As volunteers go door-to-door asking neighbors to sign the ethics initiative petition, the response is overwhelmingly positive. Most are eager to see ethical improvement in our Legislature.
On the other hand, some currently-serving legislators and entrenched politicians are opposed. Recently, the Clipper published a column by Todd Weiler which illustrates faulty arguments used to discourage passage of the ethics initiative.
Some politicians, including Weiler, say recently passed legislation on ethics reform is “sweeping.” Hardly! The Salt Lake Tribune called it “baby steps.” The Ogden Standard Examiner described the legislators as “experts at excusing bad ethics” and graded them with a “D.” The Deseret News called legislative actions “modest steps” and promises of ethics reform “unfulfilled.”
For whatever good they did, I applaud our Legislature. But the “baby steps” are insufficient.
For instance, as Weiler says the legislators did pass SB 162; some claim it will limit legislators using campaign funds for personal use (an unfortunately frequently occurring practice). The complete picture, however, is SB 162 does nothing about current legislators and impacts only legislators who are no longer in office. Sitting legislators can continue to spend their campaign funds precisely as they desire.
In another case, many were delighted the Legislature passed HB 345. The public was led to believe legislators could no longer walk out the door and start lobbying. Within weeks after the session, we discovered the loophole: it does not apply to former legislators lobbying for any business not primarily engaged in lobbying. In other words, they can lobby for special interests as long as they don’t join a lobbying firm. The public again had been hoodwinked.
Entrenched politicians may have passed a few bills, but it was primarily cosmetic. We need genuine ethics reform.
Like Weiler, politicians point to an Ethics Committee established by the Legislature and say they have met all year and have made suggestions. Note this committee recently ended their 2009 service with only one recommendation: an ethics commission. Sound good? Perhaps, until we learn this commission can only act by a 4-1 vote. (What happened to majority rule?) Or that the Commission meets in secret? Or that no regular citizens are to be members of the commission? Or most importantly, their recommendation did not address campaign fund use, lobbying restrictions, conflict of interest disclosure, etc. More baby steps.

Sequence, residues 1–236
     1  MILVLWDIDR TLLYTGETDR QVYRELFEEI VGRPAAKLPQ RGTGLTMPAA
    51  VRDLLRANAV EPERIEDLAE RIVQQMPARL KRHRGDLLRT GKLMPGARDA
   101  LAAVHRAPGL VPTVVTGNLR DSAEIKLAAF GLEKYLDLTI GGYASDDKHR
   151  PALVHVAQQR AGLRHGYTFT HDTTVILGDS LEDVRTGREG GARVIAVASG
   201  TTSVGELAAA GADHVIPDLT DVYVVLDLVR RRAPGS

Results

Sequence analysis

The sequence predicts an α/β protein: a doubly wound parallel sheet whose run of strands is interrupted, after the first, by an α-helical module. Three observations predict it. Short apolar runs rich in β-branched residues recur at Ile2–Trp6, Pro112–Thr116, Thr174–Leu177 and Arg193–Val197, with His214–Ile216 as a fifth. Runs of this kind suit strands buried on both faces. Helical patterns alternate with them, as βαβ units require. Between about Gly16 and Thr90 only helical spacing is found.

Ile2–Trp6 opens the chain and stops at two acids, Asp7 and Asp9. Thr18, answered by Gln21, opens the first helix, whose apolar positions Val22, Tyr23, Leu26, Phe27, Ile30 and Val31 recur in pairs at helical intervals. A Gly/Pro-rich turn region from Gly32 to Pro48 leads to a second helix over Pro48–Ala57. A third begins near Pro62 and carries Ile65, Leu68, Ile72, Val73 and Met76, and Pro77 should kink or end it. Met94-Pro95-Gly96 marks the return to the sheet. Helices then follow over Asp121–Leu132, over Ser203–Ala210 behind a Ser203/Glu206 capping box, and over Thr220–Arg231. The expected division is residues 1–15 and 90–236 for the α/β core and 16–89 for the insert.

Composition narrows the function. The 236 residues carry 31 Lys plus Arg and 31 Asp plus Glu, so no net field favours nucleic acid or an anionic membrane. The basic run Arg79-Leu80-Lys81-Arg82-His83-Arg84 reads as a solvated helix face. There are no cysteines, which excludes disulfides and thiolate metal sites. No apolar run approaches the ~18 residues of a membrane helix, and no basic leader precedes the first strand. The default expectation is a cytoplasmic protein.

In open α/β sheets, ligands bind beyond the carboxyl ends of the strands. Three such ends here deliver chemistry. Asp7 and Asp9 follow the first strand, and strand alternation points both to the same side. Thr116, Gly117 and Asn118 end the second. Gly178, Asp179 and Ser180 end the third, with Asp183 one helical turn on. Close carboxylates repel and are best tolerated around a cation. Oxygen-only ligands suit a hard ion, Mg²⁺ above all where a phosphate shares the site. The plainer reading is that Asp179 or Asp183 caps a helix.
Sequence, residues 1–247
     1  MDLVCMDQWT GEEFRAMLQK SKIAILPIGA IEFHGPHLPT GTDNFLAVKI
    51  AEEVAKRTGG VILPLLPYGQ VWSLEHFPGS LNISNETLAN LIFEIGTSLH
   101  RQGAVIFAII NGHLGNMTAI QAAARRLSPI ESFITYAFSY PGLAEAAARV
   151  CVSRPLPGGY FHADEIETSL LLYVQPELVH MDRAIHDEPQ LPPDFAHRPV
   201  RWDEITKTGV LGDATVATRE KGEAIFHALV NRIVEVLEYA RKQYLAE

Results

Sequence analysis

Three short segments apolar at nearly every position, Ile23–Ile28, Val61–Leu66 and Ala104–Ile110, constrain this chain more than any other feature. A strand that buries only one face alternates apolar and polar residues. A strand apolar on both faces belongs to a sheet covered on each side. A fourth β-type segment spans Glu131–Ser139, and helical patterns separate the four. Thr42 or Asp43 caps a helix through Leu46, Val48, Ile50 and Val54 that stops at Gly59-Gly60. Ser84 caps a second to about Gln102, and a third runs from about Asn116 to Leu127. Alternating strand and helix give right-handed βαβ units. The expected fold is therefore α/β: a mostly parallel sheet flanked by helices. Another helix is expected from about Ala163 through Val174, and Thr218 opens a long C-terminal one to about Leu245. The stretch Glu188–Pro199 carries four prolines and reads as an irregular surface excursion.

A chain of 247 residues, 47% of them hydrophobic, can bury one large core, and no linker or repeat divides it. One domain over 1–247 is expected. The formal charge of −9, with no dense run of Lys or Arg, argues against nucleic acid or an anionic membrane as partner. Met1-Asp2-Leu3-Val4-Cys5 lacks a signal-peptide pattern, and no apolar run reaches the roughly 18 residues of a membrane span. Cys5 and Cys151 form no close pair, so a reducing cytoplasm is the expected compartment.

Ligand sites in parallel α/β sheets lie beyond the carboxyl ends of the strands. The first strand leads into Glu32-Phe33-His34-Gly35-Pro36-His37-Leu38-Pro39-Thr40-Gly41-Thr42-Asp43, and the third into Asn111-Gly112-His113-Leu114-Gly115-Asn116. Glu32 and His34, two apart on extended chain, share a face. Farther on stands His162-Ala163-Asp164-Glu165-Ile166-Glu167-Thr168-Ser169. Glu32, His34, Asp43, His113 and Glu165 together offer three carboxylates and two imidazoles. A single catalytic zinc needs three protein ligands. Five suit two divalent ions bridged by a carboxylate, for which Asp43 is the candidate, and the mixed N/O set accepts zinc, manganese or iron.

Weiler claims our proposed ethics initiative commission treats a legislator guilty until proven innocent. Not true. The proposed commission does not determine guilt; it only makes recommendations to the Legislature which must deal with them openly. The commission is not a judicial body.
Weiler complains that the proposed commission would allow three citizens to bring a complaint. And what is the harm? One person can already bring a complaint against any city or county official. One person can bring a complaint against members of the judiciary. One citizen can bring a complaint against you! What is so special about the Legislature only allowing sitting legislators to bring complaints (the current practice)?
Entrenched politicians are using specious and invalid arguments to stop the ethics initiative — arguments like the above that are superficial.
Amazingly, Weiler claims our ethics initiative “removes responsibility for ethics from the people.” Exactly the opposite is true. Currently, only the Legislature itself can bring a charge against its peers; this seldom happens. Legislators are understandably reticent to criticize peers whose vote they will later need.
In the proposed ethics initiative an independent citizens commission will add an impartial eye to the process and bring greater objectivity and ethical conduct to the Legislature.
Some entrenched politicians read the initiative and are nervous. I wonder why?